Part Z Bill and The Future of the Construction Industry

A Closer Look at the Building Safety Act’s Gateway 2

North Norfolk MP Duncan Baker is to propose a bill making it mandatory to calculate and reduce embodied carbons in the construction industry. According to Baker, if this bill is enacted, it will help the UK join the ranks of countries, like the Netherlands, the US and France, that are already moving towards regulating embodied carbon or are already regulating it. Given that the construction industry is responsible for about 40% of the total carbon emissions in the UK, this bill is required to help the country reach net-zero targets. 

Once the Part Z Bill is passed into law, major changes in the current building regulations will be required in order to limit carbon emissions from materials and construction of buildings in the UK. This currently amounts to roughly 50 million tonnes of CO2 each year. The bill hopes to correct the government’s strategy for reaching net-zero emissions by 2050 as it failed to address the issue of embodied carbons. The strategy instead focuses on operational emissions resulting from heating and powering buildings. 

In the Part Z Bill, Baker proposes that architects should be legally required to “measure, report, and reduce” the embodied carbon emissions of major building projects. With this bill, the government policy will also be in line with various industry groups like the UK Green Building Council, the Royal Institute of British Architects and the independent Climate Change Committee. In fact, the bill has been drafted with the input of authors from the Institute of Structural Engineers and the Royal Institute of British Architects and is based on invaluable insights collected from the industry.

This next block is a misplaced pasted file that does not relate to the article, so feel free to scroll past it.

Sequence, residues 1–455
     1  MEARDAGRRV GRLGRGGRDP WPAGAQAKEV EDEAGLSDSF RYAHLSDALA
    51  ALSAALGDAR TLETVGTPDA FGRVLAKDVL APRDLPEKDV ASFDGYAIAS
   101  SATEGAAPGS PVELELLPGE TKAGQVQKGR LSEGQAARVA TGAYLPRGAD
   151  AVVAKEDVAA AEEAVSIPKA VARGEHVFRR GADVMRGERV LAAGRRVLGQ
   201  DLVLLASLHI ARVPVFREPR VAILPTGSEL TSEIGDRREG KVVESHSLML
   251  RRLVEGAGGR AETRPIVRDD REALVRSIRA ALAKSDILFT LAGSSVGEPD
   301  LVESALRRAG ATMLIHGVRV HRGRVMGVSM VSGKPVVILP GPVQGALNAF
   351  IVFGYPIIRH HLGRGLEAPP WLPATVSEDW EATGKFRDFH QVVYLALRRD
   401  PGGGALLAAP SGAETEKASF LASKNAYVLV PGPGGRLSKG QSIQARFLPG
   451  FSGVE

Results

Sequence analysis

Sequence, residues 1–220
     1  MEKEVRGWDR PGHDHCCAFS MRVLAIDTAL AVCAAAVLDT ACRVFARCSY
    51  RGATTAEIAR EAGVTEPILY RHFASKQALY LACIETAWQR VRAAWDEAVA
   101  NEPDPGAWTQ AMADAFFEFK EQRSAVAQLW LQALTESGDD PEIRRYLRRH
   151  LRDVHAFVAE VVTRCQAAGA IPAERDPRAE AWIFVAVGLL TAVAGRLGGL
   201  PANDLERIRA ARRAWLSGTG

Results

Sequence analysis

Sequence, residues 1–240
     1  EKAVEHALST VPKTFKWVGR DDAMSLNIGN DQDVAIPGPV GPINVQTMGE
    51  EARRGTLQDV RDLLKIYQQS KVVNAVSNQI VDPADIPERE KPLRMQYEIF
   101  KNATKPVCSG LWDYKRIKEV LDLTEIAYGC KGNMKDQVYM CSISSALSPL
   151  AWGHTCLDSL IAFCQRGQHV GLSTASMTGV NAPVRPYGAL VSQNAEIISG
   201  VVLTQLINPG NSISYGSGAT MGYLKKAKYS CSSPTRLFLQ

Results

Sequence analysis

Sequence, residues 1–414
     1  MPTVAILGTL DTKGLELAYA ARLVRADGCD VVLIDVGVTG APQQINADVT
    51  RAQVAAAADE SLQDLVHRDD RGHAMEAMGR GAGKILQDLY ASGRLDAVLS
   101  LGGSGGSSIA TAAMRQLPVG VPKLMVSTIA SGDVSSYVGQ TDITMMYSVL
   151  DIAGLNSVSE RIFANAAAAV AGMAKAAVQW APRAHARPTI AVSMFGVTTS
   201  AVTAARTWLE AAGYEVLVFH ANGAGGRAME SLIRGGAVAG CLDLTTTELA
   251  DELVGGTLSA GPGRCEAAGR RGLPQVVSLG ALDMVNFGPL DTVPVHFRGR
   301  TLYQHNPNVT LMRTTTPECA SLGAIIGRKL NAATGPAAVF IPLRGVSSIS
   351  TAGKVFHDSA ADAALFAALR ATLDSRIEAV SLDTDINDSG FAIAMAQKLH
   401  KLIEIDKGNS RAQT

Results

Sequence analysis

In July 2021, the working group had put together a proposal including the various amends to the building regulations, that would take into account the embodied carbon of the industry. According to the suggestions proposed in this bill, whole-life carbon reporting would be made mandatory for non-residential projects starting In January next year whereas residential projects would be expected to join in by 2025. It also proposes to impose limits on upfront emissions starting in 2027. 

This draft proposal won the support of around 130 firms in the industry from Arup to Feilden Clegg Bradley Studio. Some firms like Feilden Clegg Bradley Studio have also developed a free, open-source calculator to help the industry begin to calculate the whole-life emissions of their projects. A number of other companies have also set their own embodied carbon targets, without waiting for government intervention. These actions show that the industry is clearly ready to make the changes required, with or without the government regulations to support them. 

Talking about the new Part Z Bill, Richard McMullan, Head of Business Development at MyDek says, “In line with our ethos of Safe, Smart and Sustainable, MyDek are working hard to reduce carbon contribution through extensive consultation with our supply chain partners and professional advisers. Aluminium decking is 100% recyclable which reduces the whole life cost of the product. Although production of aluminium has a relatively high carbon contribution per tonne, it is important to remember that, due to its light weight, a tonne of aluminium makes many more of decking than other denser materials. This gives aluminium decking almost half of the carbon contribution compared to an equivalent area of 40mm thick concrete paving slabs. If youd like to find out more about how we reach our carbon calculations, please ask one of our technical team.”

Learn more about MyDek’s approach towards calculating embodied carbons by scheduling a call with our technical team. 

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  1. Pingback: Five Key Industry Insights for the Built Environment Ahead of Q2 | Non-Combustible Balcony Decking - Balcony Decking Systems | MyDEK

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